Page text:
7 Shocking Ways Your Birth Control Changes Who You're Attracted To & More
When getting on the birth control pill, many women worry about potential side effects, such as increased mood swings or even breakouts. Most women don't think twice about how the pill could influence their sex drive, among other things. How birth control changes attraction may come as a shock, but being on the pill can impact everything from who you feel drawn to, to how often you are in the mood.
"Birth control medication temporarily leads to a partial shut down of a particular communication pathway in a woman's body called the 'hypothalamic pituitary ovarian axis," gynecologist Dr. Brett Worly at the Ohio State University Wexner Medical Center, tells Bustle. "Components in this communication network are responsible for fertility, regulation of periods, and more. In some women, this temporary partial communication shut down can also negatively impact sexual desire, lubrication, orgasm, and sexual pleasure."
It may sound strange, but the birth control pill can have effects far greater than protecting pregnancy, and they're worth paying attention to if you choose to use it — especially if you think it might have an effect on your relationship. Here are seven shocking ways your birth control pill can change who you're attracted to and other areas of your life.
1. It Can Make You More Attracted To People With Similar Genes
Women who are attracted to men who are not on birth control tend to be attracted to the scent of men who are genetically different from them. But women on the pill are attracted to the scent of men who are more genetically similar, according to research from the journal The Proceedings of the Royal Society B. When a woman is on the pill, her body is fooled into thinking it’s pregnant, which can affect attraction. Pregnant women tend to seek out family members, which could explain why heterosexual women on the pill gravitate toward more genetically similar men.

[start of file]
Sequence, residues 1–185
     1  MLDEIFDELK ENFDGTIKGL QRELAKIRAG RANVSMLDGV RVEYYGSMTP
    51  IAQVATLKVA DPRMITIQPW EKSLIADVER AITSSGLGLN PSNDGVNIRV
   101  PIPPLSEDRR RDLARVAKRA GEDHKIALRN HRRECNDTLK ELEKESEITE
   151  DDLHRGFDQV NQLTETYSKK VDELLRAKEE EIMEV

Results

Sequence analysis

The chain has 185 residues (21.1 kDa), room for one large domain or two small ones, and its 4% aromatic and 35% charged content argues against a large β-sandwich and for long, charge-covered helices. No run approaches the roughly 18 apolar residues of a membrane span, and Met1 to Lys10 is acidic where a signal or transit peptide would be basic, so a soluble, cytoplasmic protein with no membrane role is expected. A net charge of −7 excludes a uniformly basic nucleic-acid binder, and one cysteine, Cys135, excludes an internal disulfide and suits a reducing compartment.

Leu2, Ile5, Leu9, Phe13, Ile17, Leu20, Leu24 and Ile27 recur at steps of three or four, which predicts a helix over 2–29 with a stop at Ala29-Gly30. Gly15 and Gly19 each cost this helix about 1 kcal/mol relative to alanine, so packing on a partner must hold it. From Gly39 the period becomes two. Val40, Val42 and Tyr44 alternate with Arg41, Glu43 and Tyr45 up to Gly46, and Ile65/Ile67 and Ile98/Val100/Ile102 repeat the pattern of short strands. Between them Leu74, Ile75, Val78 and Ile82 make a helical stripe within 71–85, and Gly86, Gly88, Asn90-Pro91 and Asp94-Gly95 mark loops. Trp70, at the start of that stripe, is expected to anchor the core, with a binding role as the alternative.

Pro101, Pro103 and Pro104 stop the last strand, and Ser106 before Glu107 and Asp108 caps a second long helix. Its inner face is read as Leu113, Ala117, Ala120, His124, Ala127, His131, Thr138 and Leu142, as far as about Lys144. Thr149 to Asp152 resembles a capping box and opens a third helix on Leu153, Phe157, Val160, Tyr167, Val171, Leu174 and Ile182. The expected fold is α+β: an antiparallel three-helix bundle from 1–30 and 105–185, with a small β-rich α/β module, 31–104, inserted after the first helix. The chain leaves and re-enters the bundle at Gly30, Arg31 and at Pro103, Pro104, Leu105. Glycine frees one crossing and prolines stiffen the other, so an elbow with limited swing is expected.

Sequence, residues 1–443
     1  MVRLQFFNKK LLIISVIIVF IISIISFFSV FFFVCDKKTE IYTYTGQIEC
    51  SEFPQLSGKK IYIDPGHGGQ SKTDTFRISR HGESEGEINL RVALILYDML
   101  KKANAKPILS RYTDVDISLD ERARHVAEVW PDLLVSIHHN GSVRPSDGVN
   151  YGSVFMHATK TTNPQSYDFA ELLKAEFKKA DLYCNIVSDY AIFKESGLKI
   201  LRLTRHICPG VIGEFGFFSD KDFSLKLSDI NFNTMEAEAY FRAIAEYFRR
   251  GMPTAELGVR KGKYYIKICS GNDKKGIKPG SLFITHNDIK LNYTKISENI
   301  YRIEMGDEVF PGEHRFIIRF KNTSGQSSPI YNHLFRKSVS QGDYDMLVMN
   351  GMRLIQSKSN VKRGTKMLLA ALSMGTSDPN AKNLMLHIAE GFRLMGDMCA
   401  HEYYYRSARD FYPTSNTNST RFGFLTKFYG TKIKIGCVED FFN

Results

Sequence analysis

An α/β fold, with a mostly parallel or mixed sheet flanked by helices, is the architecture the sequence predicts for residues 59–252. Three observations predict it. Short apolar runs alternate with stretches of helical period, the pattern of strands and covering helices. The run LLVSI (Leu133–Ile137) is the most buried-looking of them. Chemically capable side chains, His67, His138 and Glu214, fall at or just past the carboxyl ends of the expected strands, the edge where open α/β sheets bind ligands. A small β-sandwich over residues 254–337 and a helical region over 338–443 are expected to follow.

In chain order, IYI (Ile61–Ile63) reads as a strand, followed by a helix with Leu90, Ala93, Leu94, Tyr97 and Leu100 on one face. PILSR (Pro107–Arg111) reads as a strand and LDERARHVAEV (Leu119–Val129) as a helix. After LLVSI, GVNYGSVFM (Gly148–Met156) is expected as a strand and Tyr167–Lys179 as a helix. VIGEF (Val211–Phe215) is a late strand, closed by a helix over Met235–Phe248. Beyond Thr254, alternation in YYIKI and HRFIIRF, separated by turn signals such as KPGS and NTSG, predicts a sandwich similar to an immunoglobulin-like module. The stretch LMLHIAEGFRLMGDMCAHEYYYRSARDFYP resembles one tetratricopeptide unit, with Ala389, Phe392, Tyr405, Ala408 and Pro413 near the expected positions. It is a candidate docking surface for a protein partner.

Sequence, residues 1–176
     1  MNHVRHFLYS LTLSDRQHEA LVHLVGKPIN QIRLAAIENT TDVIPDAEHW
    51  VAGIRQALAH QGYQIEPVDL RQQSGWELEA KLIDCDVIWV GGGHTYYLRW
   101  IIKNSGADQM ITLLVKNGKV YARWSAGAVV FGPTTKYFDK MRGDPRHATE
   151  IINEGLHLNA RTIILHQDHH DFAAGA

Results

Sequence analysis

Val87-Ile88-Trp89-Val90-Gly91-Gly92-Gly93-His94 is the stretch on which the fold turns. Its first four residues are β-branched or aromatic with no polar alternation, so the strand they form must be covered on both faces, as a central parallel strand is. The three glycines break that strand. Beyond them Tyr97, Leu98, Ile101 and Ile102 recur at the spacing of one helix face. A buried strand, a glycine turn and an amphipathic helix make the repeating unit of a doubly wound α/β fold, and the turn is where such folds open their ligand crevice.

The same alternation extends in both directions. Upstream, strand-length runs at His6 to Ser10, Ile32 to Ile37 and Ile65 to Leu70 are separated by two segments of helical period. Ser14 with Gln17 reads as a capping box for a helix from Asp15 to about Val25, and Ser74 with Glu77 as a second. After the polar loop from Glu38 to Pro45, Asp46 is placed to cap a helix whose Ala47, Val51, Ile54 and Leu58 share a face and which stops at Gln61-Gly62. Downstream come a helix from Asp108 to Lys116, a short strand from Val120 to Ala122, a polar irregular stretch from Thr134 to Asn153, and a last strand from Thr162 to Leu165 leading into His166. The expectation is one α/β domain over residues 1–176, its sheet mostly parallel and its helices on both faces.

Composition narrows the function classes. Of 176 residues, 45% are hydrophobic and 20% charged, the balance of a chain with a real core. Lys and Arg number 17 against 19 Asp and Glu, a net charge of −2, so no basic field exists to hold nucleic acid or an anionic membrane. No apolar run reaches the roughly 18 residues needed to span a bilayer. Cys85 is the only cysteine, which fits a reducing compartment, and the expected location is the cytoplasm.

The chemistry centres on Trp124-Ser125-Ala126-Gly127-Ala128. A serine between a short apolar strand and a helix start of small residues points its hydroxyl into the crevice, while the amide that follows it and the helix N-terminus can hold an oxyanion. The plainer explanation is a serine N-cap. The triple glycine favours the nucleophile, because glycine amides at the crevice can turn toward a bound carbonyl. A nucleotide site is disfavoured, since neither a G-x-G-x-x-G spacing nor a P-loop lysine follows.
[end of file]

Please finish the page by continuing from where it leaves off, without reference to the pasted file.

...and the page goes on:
2. It Can Make You More Attracted To People With More "Masculine" Features
For women attracted to men, birth control can also change the type of man they find attractive based on their features. Women off of the pill tend to be more attracted to men who have conventionally "masculine" features, while women on the pill don't prioritize attractiveness as much, according to research published in Proceedings of the National Academy of Science. Because of this, sometimes women who get off the pill while in a relationship may find that they are less attracted to their partner if they got together with him while on the pill.
3. It Can Increase Your Sex Drive
Many women actually experience a higher sex drive when on birth control. One study found that women taking the pill had higher levels of sexual desire with their partners than women using non-hormonal methods. "Hormonal contraception may temporarily stop women from having periods, making them more comfortable having sex more days out of the month," says Dr. Worly.
4. It Can Decrease Your Sex Drive
While some women experience an increase in their sex drive, other women can experience lower libido. "Hormonal contraception can impact mood, which may negatively or positively impact sexual interest," says Dr. Worly. Lowered testosterone could also be the culprit when it comes to a lower sex drive. Additionally, hormonal contraception can negatively impact a woman's natural lubrication, which may negatively impact her sexual experience, says Dr. Worly.
5. It Can Affect Your Skin
Some women experience improved skin, which might play a role in their sexual desire. "Hormonal contraception may reduce acne for a woman, which may improve her self-confidence, reduce her social anxiety, and help improve desire, lubrication, orgasm, and sexual satisfaction," says Dr. Worly. Taking birth control pills lowers androgen hormones, including testosterone, which can reduce acne, according to WebMD.
6. It Can Cause Mood Swings
Hormonal contraception can impact mood which may negatively or positively impact sexual interest, says Dr. Worly. In fact, hormonal birth control might also be associated with an increased risk for depression, according to a study from the journal JAMA Psychiatry. Another study published in Fertility and Sterility found mood, well-being, self-control, energy levels, and general happiness with life were all negatively affected by being on the pill.
7. It Can Put You At Greater Risk For Yeast Infections
Many women find they have more frequent yeast infections when on the pill. This is because birth control messes with your levels of the hormones estrogen and progesterone, which can lead to conditions that are more likely to cause a yeast overgrowth, according to Healthline.
Everyone has different experiences on the pill, but if you find you are experiencing negative side effects, talk to your OB/GYN about a method of birth control better suited for your lifestyle.